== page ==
Gig-goers must get resold ticket warning, says CMA
Gig-goers should be warned that they may be turned away at the doors if they buy tickets from the secondary market, the competition authority has said.
An investigation into the secondary tickets market has been launched by the Competition and Markets Authority (CMA).
Many websites re-sell tickets for music, theatre or sporting events which have previously been bought by others.
Earlier in the year four of the biggest firms promised greater transparency.
The new investigation will focus on whether information is provided about:
- The identity of the seller
- What connections the seller has with the event organisers
- Any restrictions in the use of resold tickets, which could lead to ticket-holders being turned away
- Where a seat is located in the venue
"A night out at a concert or a trip to a big match is something that millions of people look forward to. So it is important they know who they are buying from and whether there are any restrictions that could stop them using the ticket," said Andrea Coscelli, the CMA's acting chief executive.
The CMA will consider whether both the businesses selling tickets and the secondary ticketing platforms advertising them are breaking the law by failing to provide the full range of information.
Enforcement action, including fines determined by the courts, could result if the competition law is found to have been breached.
The Society of Ticket Agents and Retailers said: "We welcome and support this latest development and the continuing work of the Competition and Markets Authority to ensure compliance with the law by all those operating in the ticket resale sector."
While it is not illegal to re-sell tickets, it is thought that some of the selling patterns are only possible because of software known as "bots", which automatically sweep up huge numbers of tickets the moment they go on sale. Tickets are then resold at a profit on secondary market websites.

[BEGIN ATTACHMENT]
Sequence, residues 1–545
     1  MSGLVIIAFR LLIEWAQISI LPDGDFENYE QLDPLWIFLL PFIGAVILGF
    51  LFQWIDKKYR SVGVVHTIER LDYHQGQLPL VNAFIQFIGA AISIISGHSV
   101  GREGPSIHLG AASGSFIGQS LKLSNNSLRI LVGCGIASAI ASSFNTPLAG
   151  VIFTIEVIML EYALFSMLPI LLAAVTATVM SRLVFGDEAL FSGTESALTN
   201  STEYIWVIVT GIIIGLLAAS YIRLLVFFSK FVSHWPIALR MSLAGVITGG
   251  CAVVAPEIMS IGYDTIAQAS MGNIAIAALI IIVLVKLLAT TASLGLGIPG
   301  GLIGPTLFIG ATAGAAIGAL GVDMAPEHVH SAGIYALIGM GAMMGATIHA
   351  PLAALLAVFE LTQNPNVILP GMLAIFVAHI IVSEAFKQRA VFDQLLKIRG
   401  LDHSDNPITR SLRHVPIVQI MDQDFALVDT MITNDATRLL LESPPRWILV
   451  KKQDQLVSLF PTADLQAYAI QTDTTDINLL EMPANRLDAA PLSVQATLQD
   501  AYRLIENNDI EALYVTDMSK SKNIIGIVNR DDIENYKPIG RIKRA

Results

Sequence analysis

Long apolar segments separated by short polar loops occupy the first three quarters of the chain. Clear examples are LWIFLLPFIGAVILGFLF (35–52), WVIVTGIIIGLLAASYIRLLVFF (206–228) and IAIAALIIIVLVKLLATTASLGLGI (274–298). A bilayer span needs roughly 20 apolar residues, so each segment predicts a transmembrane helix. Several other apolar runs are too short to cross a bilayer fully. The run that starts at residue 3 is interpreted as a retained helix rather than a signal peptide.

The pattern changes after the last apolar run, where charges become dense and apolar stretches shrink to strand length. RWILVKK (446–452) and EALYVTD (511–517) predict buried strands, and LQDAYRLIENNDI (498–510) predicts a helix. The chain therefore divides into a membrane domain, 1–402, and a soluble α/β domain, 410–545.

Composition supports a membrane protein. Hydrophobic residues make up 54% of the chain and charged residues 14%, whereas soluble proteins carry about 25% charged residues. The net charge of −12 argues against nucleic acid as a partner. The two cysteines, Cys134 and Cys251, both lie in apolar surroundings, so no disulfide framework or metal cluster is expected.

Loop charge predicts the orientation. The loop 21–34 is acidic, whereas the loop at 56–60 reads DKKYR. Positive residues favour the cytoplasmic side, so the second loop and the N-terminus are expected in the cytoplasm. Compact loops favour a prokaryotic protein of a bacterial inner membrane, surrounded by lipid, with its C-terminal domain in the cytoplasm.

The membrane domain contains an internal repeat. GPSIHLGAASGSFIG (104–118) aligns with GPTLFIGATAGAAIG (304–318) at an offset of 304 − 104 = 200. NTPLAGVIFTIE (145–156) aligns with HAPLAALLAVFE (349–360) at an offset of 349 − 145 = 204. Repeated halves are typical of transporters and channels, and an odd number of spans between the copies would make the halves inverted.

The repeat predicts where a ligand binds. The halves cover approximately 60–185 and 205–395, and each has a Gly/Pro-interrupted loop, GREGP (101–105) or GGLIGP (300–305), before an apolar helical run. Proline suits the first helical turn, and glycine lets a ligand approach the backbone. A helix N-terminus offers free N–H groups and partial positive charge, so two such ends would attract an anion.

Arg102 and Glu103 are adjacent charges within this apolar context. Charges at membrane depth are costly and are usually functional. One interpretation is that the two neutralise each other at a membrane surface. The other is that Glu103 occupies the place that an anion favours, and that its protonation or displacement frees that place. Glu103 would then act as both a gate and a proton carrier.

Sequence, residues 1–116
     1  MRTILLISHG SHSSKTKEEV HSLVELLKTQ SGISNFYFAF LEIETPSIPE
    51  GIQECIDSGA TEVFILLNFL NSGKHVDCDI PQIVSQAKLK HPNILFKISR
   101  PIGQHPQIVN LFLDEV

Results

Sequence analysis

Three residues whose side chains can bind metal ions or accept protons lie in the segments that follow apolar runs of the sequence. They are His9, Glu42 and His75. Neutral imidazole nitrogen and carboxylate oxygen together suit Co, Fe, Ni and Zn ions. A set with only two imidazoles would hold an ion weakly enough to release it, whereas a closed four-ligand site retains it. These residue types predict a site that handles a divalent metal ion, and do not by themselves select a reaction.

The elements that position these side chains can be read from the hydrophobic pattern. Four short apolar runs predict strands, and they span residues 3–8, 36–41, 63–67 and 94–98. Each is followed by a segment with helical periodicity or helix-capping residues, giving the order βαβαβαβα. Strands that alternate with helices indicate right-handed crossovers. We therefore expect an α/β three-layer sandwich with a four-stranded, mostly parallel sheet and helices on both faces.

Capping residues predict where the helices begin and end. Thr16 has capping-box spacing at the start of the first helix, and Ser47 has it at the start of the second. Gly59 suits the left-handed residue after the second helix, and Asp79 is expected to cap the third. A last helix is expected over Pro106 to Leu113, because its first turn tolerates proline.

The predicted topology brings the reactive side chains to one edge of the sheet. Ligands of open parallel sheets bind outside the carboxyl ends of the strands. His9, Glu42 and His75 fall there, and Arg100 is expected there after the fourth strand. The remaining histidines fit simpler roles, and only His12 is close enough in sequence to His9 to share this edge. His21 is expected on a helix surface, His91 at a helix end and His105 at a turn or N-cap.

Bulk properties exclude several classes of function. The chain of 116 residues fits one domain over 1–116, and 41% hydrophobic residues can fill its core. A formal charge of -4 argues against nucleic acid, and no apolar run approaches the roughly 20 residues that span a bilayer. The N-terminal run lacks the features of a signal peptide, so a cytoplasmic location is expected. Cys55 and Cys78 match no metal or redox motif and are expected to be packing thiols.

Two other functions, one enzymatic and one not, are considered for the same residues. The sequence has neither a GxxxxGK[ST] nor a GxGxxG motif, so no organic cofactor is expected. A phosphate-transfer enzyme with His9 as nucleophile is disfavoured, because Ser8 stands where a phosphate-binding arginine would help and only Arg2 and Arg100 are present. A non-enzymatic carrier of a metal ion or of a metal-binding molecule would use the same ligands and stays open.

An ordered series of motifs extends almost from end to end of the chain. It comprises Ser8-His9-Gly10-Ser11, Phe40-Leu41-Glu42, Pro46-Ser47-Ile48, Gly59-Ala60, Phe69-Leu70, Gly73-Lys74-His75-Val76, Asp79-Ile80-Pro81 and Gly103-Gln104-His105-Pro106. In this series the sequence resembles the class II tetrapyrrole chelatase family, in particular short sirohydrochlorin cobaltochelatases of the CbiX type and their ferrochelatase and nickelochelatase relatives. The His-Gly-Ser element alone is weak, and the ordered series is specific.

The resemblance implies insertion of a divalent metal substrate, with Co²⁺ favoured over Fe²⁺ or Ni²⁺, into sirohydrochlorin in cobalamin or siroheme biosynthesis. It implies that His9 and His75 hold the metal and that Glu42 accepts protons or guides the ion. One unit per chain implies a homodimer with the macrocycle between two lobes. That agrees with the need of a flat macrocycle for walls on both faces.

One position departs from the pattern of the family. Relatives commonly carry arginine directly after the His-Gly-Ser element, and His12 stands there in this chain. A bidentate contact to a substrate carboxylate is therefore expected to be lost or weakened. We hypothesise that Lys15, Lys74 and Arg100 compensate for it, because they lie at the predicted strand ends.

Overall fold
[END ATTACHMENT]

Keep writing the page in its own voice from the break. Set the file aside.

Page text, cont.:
Some tickets for popular bands have been advertised for nearly 100 times their face value. Sir Elton John has also branded secondary ticket sites "disgraceful".
The market has been in the firing line from authorities this year.
The CMA carried out a review of the four main secondary ticketing websites - Get Me In, Seatwave, StubHub and Viagogo - to ensure they improved the information provided about tickets advertised on their sites. One website was not fully complying with its promises, the authority said.
And in November, the BBC revealed that the tax affairs of the secondary ticketing industry are being targeted by HM Revenue and Customs.
A government review, authored by Professor Michael Waterson, economics professor at Warwick University, praised Glastonbury's ticketing model where tickets are "deliberately personalised" and ID is checked at the gates.
MPs have also criticised the opportunities the secondary market offers to touts.
A recent survey by consumer group Which? found the rules were consistently being breached.
"On numerous occasions we have found tickets being sold unlawfully, so we welcome the competition authorities taking action to tackle this," said Vickie Sheriff, director of campaigns at Which?.
"No one can know the real value of their ticket if they have not been given the information on face value, where the seat is located and any restrictions. We expect the CMA to take strong action against ticketing sites and businesses not playing by the rules."